Why do I need it? – If your name appears different from that on your Birth Certificate you will need to provide a Certified Copy of your Marriage Record or a Certified Copy of Name Change. This record is kept at the Probate Court at the county in which you received your original record. So for example if you were married in Warren County, you can only obtain a Certified Copy from Warren County Probate Court.

Where do I get it?Warren County Probate Court

Certified Copy of Decree of Divorce, Dissolution, or Annulment of Marriage:

Why do I need it? – If you have been married more than once and have changed your name with each marriage, you may have to provide a Certified Copy of each Marriage Record along with a Certified Copy of each Divorce Decree. The reason once again is to prove the legal name changes from what is listed on your Birth Certificate. This record is kept at the Clerk of Courts at the county in which the event took place. For example, if your divorce was finalized in Warren County, you can only obtain a Certified Copy from Warren County Clerk of Courts.

Where do I get it?Warren County Clerk of Courts

My hope in providing you this information is so that you are able to obtain your new license with less headache, because let’s be honest it can be extremely frustrating waiting in those long lines only to be told you do not have what you need! Although we cannot provide these records for you, our department is always happy to help point you in the right direction in order to find the correct location to obtain them! Please share this with anyone you believe may benefit from this information. If you have any questions, please feel free to reach out to us at archives@co.warren.oh.us or 513-695-1815.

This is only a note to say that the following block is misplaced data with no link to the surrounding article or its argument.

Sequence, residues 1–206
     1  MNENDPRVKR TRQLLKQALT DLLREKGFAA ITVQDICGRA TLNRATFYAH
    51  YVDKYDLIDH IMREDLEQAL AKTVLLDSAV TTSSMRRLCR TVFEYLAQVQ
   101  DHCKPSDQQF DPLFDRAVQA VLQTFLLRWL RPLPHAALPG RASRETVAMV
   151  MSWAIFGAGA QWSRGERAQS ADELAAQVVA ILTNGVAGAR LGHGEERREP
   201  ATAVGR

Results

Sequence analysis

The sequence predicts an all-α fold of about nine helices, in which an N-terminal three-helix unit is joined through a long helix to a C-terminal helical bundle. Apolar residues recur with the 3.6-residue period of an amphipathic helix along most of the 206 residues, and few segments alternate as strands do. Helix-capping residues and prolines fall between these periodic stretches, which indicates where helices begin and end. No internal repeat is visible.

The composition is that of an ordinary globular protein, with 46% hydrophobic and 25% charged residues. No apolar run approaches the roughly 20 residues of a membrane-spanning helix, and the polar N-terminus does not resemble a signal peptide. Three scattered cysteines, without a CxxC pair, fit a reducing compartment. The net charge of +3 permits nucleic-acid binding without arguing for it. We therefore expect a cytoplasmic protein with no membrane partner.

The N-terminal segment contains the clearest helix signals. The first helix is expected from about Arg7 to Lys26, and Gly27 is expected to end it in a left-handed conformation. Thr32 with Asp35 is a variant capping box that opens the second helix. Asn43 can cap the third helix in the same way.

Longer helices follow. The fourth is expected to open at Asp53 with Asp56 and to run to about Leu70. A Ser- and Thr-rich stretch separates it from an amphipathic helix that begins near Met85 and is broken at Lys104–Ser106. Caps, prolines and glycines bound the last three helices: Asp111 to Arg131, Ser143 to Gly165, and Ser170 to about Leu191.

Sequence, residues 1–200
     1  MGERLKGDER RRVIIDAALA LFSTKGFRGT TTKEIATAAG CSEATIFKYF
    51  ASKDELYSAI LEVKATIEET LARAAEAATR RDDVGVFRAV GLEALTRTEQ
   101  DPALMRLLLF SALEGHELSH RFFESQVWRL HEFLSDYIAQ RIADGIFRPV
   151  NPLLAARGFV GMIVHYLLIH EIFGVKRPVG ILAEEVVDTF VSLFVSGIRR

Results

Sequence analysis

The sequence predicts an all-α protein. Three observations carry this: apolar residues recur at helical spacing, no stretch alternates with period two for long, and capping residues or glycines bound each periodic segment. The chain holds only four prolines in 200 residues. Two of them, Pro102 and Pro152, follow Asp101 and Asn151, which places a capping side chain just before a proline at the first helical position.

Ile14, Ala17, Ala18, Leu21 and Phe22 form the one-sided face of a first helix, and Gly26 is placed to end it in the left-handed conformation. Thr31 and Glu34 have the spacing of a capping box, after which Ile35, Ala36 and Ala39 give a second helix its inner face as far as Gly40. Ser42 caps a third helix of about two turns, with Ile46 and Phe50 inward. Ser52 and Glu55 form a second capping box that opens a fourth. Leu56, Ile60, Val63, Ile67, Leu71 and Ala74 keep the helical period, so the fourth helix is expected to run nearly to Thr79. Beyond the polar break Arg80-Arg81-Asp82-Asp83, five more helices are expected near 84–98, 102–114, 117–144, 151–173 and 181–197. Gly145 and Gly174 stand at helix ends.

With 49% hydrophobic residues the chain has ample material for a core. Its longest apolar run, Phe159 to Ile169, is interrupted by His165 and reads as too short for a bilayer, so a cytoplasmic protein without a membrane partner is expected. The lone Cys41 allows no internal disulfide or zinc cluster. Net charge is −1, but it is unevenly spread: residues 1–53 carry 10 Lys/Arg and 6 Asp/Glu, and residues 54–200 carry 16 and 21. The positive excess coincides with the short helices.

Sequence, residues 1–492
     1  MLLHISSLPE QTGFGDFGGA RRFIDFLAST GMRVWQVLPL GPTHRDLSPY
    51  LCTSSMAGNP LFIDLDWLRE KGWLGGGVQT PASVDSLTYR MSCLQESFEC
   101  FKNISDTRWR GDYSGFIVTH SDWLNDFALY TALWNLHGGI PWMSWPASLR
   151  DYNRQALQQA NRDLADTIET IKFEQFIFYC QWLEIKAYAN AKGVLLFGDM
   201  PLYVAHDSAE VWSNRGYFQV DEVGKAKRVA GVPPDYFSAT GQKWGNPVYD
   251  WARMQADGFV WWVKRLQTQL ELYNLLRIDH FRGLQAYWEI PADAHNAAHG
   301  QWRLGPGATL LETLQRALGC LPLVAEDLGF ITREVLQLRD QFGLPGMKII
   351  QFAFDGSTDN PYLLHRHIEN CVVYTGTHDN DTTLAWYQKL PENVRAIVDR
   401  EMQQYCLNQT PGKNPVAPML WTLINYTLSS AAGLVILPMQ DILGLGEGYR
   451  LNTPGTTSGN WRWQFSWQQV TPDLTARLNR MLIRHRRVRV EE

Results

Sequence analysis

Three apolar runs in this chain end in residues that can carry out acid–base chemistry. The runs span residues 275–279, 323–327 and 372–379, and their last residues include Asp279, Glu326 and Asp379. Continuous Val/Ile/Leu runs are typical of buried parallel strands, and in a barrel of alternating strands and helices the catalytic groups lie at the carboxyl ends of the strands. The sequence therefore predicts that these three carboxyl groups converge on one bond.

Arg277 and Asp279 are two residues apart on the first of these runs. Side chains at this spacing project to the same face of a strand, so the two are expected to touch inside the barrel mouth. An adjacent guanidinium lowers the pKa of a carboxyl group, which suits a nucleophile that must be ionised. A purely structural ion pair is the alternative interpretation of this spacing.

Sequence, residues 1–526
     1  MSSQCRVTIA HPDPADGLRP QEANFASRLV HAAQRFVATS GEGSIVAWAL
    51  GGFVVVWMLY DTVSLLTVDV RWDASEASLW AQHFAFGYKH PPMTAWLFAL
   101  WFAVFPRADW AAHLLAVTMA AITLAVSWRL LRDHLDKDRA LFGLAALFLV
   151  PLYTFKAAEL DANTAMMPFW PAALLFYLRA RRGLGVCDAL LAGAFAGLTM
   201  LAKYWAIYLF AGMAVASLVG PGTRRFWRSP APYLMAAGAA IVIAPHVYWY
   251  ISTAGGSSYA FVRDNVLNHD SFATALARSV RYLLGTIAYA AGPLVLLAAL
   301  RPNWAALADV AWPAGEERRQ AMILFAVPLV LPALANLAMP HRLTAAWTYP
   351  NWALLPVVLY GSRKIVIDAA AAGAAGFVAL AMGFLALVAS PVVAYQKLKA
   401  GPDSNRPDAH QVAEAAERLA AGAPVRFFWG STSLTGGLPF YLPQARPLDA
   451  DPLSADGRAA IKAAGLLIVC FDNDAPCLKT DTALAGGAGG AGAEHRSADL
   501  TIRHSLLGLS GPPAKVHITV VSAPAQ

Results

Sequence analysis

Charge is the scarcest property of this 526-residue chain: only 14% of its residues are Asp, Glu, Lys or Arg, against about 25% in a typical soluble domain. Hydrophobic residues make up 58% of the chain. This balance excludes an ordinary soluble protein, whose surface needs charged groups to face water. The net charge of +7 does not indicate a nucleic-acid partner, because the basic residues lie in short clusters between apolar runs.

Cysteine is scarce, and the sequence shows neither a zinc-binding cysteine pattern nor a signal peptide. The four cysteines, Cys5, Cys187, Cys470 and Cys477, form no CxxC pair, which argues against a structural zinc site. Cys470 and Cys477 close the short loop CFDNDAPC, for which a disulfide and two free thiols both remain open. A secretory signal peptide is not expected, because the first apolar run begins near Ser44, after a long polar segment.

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Guest Blogger Series: Words From Our Intern, Lauren – Post 4

Now that I am at the final week of my internship, I have to say that I had such a wonderful time here. Once I got to know everyone and knew what projects I was expected to do, I had no problems. Everyone here is nice and welcoming, with a dash of light-hearted sarcasm that I really enjoyed. Come and visit them! I have had many jobs in the past and I was glad to leave every one of them, simply because it was not what I wanted to do with my life. This time around, it will be tough leaving a job that I thoroughly enjoyed.

From working on chronologically and alphabetically organizing Child Services, re-housing blueprints of highways, researching the Foster family and putting together their family tree, to processing estate dockets, I have completed a variety of tasks. Now that we finished the Foster, Ohio exhibit, I feel honored having worked on something that will stay up in the reading room for two years. Pictures do not do the exhibit justice so I hope that you consider going to see it. (All of my panels are on the top shelf, excluding the property map that Autumn did (not in picture)).

8-24-2018 Lauren's Final Blog

While I liked some projects more than others, I pretty much loved everything I worked on. I gained experiences that I can take with me when I find a place where I can start a career, so every new experience I could get was helpful. Again, I am thankful to everyone here at the Warren County Records Center and Archives for this opportunity and one of the best summers I have had since my archaeology days. I cannot wait to share my experiences when school starts up again! And, in the words of Forest Gump, “That’s all I have to say about that.”